Volatile organic compounds (VOCs) offer unique insights into ongoing biochemical processes in healthy and diseased humans. Yet, their diagnostic use is hampered by the limited understanding of their biochemical or cellular origin and their frequently unclear link to the underlying diseases. Major advancements are expected from the analyses of human primary cells, cell lines and cultures of microorganisms. In this review, a database of 125 reliably identified VOCs previously reported for human healthy and diseased cells was assembled and their potential origin is discussed. The majority of them have also been observed in studies with other human matrices (breath, urine, saliva, feces, blood, skin emanations). Moreover, continuing improvements of qualitative and quantitative analyses, based on the recommendations of the ISO-11843 guidelines, are suggested for the necessary standardization of analytical procedures and better comparability of results. The data provided contribute to arriving at a more complete human volatilome and suggest potential volatile biomarkers for future validation.
Dedication:This review is dedicated to the memory of Prof. Dr. Anton Amann, who sadly passed away on January 6, 2015. He was motivator and motor for the field of breath research.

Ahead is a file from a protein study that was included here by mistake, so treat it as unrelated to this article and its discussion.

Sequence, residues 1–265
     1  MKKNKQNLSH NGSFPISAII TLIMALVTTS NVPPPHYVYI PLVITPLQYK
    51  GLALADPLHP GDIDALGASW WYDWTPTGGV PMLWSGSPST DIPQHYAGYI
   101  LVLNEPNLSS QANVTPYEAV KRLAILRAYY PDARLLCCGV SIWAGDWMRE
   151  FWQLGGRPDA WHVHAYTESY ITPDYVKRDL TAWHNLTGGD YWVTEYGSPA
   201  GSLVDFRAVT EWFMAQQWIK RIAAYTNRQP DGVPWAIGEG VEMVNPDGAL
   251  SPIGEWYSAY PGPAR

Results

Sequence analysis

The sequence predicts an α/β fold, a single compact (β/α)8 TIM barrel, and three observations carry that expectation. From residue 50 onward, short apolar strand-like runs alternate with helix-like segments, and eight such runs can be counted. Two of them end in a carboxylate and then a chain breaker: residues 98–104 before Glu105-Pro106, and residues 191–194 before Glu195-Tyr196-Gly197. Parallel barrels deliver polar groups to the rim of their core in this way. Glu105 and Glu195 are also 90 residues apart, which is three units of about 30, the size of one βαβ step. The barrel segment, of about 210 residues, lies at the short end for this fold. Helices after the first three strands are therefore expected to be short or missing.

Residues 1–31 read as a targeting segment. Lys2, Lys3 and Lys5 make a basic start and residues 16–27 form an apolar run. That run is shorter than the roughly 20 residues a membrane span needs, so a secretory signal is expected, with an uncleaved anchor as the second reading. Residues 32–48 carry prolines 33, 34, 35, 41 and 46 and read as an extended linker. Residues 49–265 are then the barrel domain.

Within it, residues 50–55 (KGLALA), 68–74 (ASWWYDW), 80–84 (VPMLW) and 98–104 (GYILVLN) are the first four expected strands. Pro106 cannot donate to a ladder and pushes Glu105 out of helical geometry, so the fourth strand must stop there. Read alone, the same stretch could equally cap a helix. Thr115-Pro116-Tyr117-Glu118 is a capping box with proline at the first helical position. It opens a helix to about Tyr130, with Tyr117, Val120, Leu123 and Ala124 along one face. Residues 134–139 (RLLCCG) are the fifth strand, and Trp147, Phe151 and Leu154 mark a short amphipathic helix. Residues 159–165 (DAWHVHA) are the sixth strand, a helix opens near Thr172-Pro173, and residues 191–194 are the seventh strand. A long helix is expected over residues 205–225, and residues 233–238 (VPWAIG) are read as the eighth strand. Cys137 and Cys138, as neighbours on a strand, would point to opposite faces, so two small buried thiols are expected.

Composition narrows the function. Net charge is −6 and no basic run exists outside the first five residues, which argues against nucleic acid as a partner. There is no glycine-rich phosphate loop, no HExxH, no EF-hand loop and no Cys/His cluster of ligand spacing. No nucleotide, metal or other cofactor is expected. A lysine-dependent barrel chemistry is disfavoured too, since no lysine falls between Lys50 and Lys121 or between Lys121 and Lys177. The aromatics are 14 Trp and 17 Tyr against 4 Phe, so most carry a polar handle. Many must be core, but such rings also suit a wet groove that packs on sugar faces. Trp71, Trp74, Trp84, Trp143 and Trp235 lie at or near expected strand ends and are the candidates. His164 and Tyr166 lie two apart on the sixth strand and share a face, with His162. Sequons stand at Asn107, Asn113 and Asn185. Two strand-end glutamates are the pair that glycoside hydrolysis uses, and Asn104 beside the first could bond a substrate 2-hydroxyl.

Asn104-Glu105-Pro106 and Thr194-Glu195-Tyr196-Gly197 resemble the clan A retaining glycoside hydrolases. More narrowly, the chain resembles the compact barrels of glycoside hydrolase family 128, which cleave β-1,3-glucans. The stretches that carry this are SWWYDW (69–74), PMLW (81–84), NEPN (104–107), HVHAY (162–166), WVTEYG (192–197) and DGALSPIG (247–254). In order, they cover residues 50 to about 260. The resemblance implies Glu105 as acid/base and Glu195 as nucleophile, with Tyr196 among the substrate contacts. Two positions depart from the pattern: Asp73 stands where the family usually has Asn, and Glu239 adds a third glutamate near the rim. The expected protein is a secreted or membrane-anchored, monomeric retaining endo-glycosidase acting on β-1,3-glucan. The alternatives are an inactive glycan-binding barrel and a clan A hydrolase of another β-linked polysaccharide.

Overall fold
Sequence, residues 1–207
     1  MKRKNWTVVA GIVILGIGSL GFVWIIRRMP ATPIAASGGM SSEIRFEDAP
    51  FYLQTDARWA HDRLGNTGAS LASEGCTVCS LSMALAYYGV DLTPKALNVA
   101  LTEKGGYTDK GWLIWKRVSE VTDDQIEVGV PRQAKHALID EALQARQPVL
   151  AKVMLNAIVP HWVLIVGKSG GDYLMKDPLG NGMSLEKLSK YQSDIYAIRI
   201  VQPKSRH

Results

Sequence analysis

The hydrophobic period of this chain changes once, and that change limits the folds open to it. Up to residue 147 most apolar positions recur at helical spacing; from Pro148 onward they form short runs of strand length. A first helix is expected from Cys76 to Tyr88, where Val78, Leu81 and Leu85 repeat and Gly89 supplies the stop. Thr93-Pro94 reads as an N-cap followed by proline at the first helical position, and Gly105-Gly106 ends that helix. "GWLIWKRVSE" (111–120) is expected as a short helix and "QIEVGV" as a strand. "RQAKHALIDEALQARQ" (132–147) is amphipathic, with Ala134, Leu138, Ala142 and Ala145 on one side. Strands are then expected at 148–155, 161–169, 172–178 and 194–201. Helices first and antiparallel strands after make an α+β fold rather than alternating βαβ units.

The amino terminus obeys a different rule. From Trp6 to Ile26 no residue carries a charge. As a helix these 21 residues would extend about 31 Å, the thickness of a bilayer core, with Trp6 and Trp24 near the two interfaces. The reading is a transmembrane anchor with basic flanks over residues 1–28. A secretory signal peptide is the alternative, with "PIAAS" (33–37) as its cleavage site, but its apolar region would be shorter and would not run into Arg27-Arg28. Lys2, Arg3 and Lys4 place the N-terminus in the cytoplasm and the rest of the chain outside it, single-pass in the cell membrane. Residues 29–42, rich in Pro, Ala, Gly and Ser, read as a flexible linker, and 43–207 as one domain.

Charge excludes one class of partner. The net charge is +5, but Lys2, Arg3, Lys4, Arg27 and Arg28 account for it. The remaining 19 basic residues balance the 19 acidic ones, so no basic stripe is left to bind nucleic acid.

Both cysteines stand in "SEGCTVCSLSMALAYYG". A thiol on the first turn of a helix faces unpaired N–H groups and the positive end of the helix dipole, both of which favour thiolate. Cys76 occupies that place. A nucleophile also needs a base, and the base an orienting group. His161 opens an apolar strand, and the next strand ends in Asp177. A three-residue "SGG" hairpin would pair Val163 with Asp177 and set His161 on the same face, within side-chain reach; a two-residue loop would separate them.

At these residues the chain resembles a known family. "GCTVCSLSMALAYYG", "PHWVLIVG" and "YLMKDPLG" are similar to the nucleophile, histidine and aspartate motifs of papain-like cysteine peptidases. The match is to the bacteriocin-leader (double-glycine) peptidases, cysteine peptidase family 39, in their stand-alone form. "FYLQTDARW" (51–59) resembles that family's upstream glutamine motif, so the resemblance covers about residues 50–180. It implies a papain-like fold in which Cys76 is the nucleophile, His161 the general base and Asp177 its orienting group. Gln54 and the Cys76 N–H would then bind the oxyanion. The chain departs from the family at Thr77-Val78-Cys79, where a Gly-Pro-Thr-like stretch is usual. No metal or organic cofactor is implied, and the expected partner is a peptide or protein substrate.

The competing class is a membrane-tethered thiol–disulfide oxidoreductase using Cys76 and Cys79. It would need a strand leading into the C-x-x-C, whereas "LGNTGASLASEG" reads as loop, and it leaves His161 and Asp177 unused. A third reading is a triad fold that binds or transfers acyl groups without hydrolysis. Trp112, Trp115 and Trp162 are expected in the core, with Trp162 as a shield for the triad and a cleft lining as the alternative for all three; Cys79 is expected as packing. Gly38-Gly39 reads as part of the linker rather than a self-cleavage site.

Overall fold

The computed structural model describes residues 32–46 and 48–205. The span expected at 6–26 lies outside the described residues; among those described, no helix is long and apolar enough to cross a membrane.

Non-cholesterol Sterols in the Diagnosis and Treatment of Dyslipidemias: A Review by Lucía Baila-Rueda, Ana Cenarro, Fernando Civeira (2132-2145).
Non-cholesterol sterols have been used as markers of cholesterol intestinal absorption and hepatic synthesis, leading to a better understanding of cholesterol homeostasis in humans. This review discusses the main noncholesterol sterols that are clinically useful, different methods to quantify the factors associated with blood concentration, and the potential role of non-cholesterol sterols in the diagnosis and treatment of different types of dyslipidemia. The main indication is the use of non-cholesterol sterols for the diagnosis of rare diseases associated with defects in cholesterol synthesis or anomalies in the absorption and/or elimination of phytosterols. However, other potential uses, including the diagnosis of certain hypercholesterolemias and the individualization of lipid-lowering therapies, are promising as they could help treat a wider population.